The novel coronavirus pandemic raises some questions about the passage of time. Questions like, “Is time moving slowly or quickly?” and “How have I spent three days in the same pants, not leaving the house?” and “Do I really need to wear pants on this hour-long Zoom call?”
In any case, the summer’s nearly over, the pandemic’s still around and most public activities you used to do for fun, including concerts, are mostly off-limits. In the absence of shows, several noteworthy Baltimore and Maryland musicians instead released singles, EPs and albums. We’ll forgive you for missing them in the cavalcade of new television shows and other media coming out seemingly every week, so long as you take a listen now.
Logic, “No Pressure”
Gaithersburg-bred rapper and former Preakness InfieldFest headliner Logic surprise announced his so-called final album in mid-July, releasing it soon after. His last hurrah before dedicating himself to fatherhood knocks with classic hip hop references, introspective lyrics and electrifying production, courtesy of superproducer No I.D.
If you read music blogs in the mid-‘00s, you probably came across Naeem under a different name: Spank Rock. On “Startisha,” his first album under Naeem (also his real first name) which dropped in June, he breaks out of the mold he set for a genre-bending adventure into his personal passions and convictions. Pay special attention to “Simulation,” which features Swamp Dogg and previous collaborator Justin Vernon of indie sensation Bon Iver.
The release of Baltimore singer/songwriter’s smooth and soulful “Vacants” on Juneteenth sums up its ethos of Black liberation and love for Black Baltimore. The title references the thousands of vacant properties around the city, and collaborators like Devin Allen and Al Rogers Jr. give it a local family feel. So did the string of intimate sidewalk shows she did around East Baltimore on one Sunday this summer, with Rogers and other Baltimore musicians in tow.
Sharptooth, “Transitional Forms”
If you like your music heavy and politicized, look no further than Baltimore’s own hardcore heroes Sharptooth. “Transitional Forms,” the band’s sophmore album, runs with the fury of a caged animal unleashed. Vocalist Lauren Kashan’s rageful lyrics about feminism, political apathy and more urgent issues are perfectly scored by her bandmates’ instrumental battering ram of breakdowns and roaring guitars.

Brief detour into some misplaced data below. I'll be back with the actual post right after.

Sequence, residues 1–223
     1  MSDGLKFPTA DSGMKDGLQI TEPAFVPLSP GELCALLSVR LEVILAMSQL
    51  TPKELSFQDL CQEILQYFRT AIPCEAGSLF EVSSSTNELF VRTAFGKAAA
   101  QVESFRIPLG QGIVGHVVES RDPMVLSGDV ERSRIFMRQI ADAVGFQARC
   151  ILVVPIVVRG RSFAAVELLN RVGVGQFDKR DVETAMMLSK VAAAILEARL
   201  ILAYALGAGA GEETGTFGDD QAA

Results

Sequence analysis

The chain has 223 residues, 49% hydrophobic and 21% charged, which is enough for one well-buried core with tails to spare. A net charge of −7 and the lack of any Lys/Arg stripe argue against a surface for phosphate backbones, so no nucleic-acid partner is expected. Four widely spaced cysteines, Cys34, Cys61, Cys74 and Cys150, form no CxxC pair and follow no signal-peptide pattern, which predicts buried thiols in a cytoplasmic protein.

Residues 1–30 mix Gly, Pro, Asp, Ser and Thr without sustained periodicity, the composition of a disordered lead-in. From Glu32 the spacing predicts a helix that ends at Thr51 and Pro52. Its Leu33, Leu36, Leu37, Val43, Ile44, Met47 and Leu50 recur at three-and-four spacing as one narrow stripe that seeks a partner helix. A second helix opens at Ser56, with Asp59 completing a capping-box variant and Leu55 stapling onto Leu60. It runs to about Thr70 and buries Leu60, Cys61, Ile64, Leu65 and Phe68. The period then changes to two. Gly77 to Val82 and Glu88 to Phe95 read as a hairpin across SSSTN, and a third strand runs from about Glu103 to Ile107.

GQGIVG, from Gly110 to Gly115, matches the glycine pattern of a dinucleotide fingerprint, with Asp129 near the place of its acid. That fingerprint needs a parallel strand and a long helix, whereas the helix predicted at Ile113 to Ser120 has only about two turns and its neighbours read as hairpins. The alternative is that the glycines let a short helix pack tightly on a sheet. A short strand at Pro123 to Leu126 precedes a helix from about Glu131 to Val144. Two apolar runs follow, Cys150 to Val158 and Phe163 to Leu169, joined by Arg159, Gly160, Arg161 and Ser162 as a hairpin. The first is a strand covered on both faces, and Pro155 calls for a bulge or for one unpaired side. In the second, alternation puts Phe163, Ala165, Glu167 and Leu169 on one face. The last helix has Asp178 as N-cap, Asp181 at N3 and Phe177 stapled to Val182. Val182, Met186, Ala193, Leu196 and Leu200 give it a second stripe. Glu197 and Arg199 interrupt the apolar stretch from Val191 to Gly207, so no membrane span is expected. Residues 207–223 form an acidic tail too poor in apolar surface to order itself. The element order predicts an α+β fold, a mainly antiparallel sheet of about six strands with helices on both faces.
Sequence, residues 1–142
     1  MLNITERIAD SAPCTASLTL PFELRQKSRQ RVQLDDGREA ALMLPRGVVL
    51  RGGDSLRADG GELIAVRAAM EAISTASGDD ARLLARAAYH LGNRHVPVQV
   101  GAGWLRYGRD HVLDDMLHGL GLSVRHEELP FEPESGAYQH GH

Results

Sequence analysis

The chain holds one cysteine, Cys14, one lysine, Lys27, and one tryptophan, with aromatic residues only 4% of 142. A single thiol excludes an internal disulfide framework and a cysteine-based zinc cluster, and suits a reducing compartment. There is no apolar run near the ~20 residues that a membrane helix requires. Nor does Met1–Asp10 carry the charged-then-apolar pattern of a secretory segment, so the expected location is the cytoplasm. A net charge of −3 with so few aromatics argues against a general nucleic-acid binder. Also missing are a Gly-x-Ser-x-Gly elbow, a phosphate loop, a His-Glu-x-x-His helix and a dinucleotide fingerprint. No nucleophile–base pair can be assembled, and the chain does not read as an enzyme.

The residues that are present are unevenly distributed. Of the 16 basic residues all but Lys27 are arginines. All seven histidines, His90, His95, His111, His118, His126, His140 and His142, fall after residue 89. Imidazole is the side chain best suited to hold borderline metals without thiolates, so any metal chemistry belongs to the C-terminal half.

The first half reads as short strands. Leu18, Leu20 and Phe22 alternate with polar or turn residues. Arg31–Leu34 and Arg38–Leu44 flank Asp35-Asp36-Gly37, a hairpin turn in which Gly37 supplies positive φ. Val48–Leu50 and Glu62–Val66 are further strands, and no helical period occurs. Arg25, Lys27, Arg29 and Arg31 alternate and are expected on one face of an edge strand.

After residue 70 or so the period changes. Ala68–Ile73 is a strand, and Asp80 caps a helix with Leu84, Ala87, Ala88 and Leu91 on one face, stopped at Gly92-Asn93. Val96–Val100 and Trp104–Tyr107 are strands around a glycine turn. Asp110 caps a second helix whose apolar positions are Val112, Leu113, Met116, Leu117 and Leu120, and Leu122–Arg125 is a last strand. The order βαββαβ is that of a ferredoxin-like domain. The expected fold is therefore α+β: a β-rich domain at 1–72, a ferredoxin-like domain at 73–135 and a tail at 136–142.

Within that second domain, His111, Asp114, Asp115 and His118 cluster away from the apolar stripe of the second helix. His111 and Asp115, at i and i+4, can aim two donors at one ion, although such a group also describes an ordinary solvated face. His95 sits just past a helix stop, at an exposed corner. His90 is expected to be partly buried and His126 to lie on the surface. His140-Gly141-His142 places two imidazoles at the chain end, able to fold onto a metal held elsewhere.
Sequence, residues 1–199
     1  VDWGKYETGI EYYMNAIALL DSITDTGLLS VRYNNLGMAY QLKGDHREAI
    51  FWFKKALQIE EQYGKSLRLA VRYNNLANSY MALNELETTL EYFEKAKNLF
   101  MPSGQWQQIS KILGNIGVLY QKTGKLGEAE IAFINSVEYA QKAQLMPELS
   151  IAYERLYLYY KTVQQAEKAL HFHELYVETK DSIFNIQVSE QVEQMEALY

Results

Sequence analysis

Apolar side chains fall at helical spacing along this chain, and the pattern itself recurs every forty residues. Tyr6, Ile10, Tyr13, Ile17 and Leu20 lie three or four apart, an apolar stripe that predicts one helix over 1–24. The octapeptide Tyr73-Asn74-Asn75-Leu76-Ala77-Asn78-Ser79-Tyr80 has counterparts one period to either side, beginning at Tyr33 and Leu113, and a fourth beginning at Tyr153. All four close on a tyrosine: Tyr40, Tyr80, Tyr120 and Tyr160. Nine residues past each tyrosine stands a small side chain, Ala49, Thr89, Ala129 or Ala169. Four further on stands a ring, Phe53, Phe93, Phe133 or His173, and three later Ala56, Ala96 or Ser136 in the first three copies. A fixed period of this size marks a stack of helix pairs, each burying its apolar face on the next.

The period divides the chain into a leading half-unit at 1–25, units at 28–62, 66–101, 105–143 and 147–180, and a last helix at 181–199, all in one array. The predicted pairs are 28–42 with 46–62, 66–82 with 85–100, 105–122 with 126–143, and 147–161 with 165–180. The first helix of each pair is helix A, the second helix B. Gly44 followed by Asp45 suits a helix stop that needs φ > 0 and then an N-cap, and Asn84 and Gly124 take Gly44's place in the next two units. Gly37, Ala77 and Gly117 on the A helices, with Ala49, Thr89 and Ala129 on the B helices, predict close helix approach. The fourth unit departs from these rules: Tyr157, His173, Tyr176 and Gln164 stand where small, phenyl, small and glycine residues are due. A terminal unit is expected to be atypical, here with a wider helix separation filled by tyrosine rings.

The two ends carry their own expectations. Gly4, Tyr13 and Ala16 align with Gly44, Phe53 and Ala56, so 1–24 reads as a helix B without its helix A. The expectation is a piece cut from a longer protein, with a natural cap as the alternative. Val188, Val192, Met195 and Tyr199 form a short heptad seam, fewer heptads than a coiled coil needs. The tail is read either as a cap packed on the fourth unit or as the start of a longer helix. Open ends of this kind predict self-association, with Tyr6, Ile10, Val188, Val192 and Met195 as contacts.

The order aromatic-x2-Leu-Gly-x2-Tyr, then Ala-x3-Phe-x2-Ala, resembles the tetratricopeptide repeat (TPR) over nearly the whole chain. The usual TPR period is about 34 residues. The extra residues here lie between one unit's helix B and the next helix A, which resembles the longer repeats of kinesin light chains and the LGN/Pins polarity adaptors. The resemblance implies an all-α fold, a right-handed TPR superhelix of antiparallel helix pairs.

Dan Deacon, “‘Well Groomed’ Original Score”
Veteran Baltimore electronic artist Dan Deacon’s ethereal soundscapes of blippy noise perfectly score a documentary as full of absurdist wonder as “Well Groomed,” HBO’s look at the world of competitive dog grooming. But you needn’t even like dogs to enjoy the atmosphere Deacon’s score conjures.
Bandhunta Izzy, “Invite Only,”
He might reside in Atlanta now, but Bandhunta Izzy’s dark trap/drill beats and street life-level lyrics are 100% full of Baltimore. Check out this mixtape he dropped in the spring, with features from Yella Beezy, YFN Lucci and other rising rap stars.
Shordie Shordie, “>Music”
Still hot off the platinum-level success of “Bitchuary”—a rare feat for any Baltimore artist—Baltimore rapper Shordie Shordie dropped more heat with his spring mixtape, “>Music” (pronounced “more than music”). Tracks like “Save a Little” put his singing-rapping flow in conversation with any number of today’s top trap stars.
Kondwani Fidel, “The Mud Was Made For Us”
Kondwani Fidel is technically a poet, not a musician. That doesn’t stop his album, “The Mud Was Made For Us,” from landing with an impact. His trademark incisive poetics are set to heartrending jazz, paying tribute to the everyday tragedy, resilience and joy of life in his beloved Baltimore.
DDm, “The Ballad of Omar”
The latest record from DDm, a.ka. Dapper Dan Midas, channels the titular “The Wire” character as a way of exploring the rapper’s own journey with Black and queer identity in Baltimore. It’s one of his most somber and strongest releases yet, and showcases his talents as an MC with agility and gut-punching intensity.